Celebrities back famous charity
Four new poems by Scottish author Alexander McCall Smith were the highlights of a charity event celebrating the 40th anniversary of Edinburgh’s Eric Liddell Centre (ELC).
Named after the legendary Scottish athlete Eric Liddell, hero of the film Chariots of Fire, the centre is a care charity and community hub which specialises in daycare for people living with dementia and respite and befriending for their carers.
During an online broadcast for the 40th anniversary, Sally Magnusson, Sir James MacMillan and Dame Darcy Bussell talked about how music and dance can transform and enrich the lives of people living with dementia.
To commemorate the occasion, Alexander McCall Smith, a patron of the centre, gave the first reading of four short poems he has composed in honour of Eric Liddell. The poems are entitled “Eric Liddell realises he can run”, “Liddell breaks records”, “In China he leaps onto a departing boat”, “He was a good man”.
Not only are the poems new, but a fifteen-year-old composer, Alexander MacNamee, a pupil at George Watson’s College will soon be debuting his work, having been chosen to set the poetry to music.
John MacMillan CEO of the Eric Liddell Centre said: “The feedback for our online event has been that it was inspiring hearing about the transformative power of music and the difference it makes to people’s lives.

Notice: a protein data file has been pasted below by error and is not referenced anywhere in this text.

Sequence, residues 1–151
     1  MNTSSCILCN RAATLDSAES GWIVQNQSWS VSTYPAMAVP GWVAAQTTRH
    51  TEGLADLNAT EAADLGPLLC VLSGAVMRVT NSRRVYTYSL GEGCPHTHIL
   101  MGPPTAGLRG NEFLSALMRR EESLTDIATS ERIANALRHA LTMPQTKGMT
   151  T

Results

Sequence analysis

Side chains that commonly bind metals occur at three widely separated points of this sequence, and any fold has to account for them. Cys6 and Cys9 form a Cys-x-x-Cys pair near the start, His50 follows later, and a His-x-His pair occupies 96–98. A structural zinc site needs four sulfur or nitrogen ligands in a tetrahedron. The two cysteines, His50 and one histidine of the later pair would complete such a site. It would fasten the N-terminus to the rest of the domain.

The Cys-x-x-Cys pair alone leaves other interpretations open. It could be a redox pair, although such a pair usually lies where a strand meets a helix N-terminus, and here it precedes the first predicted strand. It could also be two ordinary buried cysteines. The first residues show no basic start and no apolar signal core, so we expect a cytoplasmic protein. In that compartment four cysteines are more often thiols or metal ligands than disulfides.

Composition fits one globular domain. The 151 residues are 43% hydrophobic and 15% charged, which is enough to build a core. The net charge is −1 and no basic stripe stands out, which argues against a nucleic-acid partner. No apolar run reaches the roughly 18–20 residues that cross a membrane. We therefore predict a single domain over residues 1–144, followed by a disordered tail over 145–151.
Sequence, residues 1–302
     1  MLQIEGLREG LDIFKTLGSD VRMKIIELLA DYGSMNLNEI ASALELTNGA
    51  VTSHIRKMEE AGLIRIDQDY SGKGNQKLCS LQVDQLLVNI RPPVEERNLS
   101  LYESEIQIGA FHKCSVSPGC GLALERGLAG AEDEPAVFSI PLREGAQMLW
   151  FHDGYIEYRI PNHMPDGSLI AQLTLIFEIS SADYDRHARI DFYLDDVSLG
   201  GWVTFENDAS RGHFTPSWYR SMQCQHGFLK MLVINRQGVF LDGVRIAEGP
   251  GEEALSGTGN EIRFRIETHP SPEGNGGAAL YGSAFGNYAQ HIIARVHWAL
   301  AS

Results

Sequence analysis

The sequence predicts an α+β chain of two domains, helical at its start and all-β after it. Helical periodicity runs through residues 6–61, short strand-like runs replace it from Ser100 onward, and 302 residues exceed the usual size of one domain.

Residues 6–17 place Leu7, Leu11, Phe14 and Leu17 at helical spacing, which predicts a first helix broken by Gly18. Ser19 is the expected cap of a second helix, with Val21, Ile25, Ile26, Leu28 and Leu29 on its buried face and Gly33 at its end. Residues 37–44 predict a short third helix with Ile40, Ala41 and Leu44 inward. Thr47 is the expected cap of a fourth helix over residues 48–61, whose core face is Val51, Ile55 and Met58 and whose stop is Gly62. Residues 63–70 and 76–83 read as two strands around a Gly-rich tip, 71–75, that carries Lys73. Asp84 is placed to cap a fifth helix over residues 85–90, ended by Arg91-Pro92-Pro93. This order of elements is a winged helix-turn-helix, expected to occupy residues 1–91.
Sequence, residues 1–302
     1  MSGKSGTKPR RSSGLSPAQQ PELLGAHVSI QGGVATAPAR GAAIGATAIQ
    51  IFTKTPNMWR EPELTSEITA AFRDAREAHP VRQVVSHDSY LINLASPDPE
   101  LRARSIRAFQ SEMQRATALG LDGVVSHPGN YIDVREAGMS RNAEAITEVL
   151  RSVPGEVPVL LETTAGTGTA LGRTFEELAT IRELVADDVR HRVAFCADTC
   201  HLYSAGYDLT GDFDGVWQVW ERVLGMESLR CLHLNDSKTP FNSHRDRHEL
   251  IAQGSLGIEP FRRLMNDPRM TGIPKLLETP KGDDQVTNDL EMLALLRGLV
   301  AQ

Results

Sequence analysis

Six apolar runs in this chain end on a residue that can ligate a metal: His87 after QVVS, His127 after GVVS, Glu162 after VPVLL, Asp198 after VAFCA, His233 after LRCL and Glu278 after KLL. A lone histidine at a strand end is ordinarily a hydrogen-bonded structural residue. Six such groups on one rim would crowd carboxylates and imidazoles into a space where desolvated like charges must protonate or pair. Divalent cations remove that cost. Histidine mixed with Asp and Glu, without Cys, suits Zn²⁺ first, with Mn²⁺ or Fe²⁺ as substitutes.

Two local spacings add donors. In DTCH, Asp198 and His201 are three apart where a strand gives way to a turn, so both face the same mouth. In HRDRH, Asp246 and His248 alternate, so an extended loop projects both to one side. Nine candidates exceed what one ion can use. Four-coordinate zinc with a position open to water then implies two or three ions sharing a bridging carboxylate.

“It was also of great interest that Eric Liddell’s daughter Patricia joined us online from her home in Canada, Lord David Puttnam, famous for his film Chariots of Fire and Sally Magnusson who wrote The Flying Scotsman about Eric’s life were able to talk about him together and share their stories, along with our host, Matt Allwright.”
Sally Magnusson is the author of a book entitled Where Memories Go: Why Dementia Changes Everything which charts her journey with her mother after she developed dementia. Sally discovered what a difference it made to her mother to hear music that she had known and inspired Sally to found a charity Playlist for Life to assist other families in similar situations.
Dame Darcy Bussell and Sir James MacMillan have both visited the centre and seen the effect of music and dance on those in dementia Day Care.
Sir James was interviewed expressing his belief that music plays a vital part in everyone’s life from childhood to old age and that it provides enrichment for all.
Dame Darcy participated in a daycare session at the ELC and was filmed dancing with the group where everyone is seen to be engaged in the activities and enjoying them.